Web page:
Every employee has the right NOT to be unfairly dismissed. This is the way in which the Labour Relations Act states that employees are to be treated. However the Act does not confer on employees a right not to be dismissed, but only not to be unfairly dismissed.

There are three important factors in the process of dismissal:

1) A fair reason(s) for an employee to be dismissed. An employee must have transgressed a rule before he can be deemed guilty of anything. Generally employers have rules in the form of written policies and procedures to clarify up front what the employer deems to be right and wrong. In the absence of the afore-mentioned employers generally struggle to prove their point when being engaged in a disciplinary action or when they have to prove their case at the CCMA.


2) A fair process to be followed by the employer. The employee must be given a chance to explain what and why he did or did not reacted in a certain way. As part of a fair process the employer is to investigate the matter to try and establish exactly what went wrong and if a rule, policy or procedure has indeed been transgressed by the employee. In the absence of the afore-mentioned employers run the risk of getting an unaccepted surprise when the accused employee gives a quit reasonable explanation for his action at the disciplinary hearing. The same principles will apply at the disciplinary hearing were the employee is given a chance to state his case and to call witnesses.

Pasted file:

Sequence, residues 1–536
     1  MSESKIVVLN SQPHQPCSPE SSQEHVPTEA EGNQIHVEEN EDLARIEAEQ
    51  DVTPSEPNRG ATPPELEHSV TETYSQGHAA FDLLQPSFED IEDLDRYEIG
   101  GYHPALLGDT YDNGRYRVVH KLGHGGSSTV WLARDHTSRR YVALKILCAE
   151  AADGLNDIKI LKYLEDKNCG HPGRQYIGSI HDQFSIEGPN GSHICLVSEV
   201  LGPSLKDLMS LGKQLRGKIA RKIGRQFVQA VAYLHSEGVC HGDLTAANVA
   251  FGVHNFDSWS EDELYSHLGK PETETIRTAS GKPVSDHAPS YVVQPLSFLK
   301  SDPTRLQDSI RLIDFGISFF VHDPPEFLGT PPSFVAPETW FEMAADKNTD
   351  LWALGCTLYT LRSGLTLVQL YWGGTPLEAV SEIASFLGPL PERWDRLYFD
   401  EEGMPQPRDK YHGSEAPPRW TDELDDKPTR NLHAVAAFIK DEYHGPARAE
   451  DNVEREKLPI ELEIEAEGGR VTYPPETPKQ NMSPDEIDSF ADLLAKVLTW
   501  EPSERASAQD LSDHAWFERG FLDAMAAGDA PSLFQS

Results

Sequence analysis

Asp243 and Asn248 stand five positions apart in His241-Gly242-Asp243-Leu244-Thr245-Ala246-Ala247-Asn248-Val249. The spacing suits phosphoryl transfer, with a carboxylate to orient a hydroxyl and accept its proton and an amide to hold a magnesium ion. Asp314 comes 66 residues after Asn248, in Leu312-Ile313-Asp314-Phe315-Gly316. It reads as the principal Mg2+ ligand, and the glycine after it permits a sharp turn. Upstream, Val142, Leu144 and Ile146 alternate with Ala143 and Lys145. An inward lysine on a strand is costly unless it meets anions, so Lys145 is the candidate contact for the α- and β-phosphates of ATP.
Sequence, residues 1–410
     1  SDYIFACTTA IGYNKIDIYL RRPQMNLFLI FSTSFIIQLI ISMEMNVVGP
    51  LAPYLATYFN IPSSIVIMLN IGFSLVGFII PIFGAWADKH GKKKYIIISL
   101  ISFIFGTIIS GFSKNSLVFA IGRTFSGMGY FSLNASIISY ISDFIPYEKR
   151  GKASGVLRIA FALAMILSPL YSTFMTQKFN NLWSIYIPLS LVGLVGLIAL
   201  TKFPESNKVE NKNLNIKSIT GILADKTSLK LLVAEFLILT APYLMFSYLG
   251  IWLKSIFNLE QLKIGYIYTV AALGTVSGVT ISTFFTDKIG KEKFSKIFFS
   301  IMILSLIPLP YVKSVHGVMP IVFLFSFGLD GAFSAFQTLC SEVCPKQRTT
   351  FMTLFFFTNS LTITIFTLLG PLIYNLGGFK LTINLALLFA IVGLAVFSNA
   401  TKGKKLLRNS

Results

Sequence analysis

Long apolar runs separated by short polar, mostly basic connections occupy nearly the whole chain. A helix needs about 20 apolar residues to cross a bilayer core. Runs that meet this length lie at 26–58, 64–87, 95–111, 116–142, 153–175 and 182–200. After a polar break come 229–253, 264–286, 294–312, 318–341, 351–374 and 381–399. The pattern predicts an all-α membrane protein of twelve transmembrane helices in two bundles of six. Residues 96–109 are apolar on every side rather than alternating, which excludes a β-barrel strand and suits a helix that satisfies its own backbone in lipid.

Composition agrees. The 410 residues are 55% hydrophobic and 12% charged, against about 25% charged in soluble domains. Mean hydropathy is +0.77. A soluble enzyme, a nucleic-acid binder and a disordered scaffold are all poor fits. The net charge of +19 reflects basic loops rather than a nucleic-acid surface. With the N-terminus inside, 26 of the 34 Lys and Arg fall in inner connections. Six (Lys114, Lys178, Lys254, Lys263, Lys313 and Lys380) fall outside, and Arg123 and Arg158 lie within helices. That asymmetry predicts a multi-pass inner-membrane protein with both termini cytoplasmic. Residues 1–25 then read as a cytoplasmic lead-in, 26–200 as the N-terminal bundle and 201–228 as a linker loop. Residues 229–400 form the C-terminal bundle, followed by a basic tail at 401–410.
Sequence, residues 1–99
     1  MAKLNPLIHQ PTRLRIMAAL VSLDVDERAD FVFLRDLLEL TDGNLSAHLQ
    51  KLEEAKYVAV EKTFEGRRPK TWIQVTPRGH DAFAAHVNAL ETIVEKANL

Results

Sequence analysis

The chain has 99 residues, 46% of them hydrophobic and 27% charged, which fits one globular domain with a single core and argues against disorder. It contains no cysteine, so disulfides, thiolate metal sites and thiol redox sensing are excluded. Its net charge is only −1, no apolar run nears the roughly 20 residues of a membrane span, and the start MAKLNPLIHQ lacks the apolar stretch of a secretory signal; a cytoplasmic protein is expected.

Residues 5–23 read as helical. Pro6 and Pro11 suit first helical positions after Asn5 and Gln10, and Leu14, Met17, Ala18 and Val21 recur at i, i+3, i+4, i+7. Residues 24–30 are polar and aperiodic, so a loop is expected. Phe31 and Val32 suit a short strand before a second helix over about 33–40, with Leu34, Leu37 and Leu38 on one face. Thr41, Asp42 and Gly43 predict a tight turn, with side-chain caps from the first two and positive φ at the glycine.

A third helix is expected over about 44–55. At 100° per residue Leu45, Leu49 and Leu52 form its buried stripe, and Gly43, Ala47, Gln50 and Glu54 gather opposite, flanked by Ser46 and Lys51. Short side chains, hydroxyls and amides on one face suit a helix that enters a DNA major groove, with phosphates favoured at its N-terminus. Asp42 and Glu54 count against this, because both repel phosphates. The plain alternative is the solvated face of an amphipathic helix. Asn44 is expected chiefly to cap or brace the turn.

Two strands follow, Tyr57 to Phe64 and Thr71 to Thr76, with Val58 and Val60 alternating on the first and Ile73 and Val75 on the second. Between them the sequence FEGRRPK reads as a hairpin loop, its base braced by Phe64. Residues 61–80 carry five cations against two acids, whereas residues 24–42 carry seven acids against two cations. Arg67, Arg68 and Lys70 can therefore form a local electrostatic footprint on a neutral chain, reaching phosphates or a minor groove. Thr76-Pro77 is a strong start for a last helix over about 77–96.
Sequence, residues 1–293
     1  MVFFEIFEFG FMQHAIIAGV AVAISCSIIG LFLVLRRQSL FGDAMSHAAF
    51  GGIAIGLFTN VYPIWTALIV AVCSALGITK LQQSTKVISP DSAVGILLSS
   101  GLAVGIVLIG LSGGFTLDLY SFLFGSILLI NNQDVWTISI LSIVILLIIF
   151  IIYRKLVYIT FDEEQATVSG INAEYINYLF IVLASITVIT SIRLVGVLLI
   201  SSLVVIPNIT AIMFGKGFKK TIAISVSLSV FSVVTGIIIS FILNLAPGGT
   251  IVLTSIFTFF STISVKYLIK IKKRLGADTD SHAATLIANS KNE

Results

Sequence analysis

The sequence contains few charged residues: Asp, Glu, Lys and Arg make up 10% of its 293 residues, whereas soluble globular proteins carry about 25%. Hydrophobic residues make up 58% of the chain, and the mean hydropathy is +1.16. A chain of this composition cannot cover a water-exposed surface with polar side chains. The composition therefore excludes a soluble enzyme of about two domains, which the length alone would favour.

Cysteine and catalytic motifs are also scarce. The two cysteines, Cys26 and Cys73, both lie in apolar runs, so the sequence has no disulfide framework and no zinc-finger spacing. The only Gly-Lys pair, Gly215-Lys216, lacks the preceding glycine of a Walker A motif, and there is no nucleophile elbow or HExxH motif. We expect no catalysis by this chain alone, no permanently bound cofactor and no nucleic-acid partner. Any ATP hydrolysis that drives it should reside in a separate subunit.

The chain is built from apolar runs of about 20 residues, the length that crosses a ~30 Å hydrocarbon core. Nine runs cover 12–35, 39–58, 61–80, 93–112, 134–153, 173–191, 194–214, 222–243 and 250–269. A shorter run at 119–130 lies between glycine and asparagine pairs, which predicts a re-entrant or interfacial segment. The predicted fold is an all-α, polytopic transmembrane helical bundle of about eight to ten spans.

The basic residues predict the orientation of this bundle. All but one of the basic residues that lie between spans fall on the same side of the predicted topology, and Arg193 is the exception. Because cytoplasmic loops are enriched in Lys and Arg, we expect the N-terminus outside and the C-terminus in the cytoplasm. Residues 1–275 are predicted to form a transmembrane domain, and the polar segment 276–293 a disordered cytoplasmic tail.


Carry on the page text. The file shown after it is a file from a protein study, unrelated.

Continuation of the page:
3) The onus of proof. At company level the onus is on the employer to prove that the employee transgressed a rule. When such a case is referred to the CCMA the employer will have to provide proof that the employee’s dismissal was fair. In order to be dismissed the employee must prove that he indeed was an employee and not a casual worker or independent contractor etc. There are other cases in which the onus will rest on the employee to first prove his case such as in cases of constructive dismissal or sexual harassment after which the employee have succeeded the onus will be given to the employer to prove otherwise.


It is important to note that employees, even if they are guilty of misconduct, is still liable to be paid there leave accumulation, pension or provident fund or any other monies that are due to them.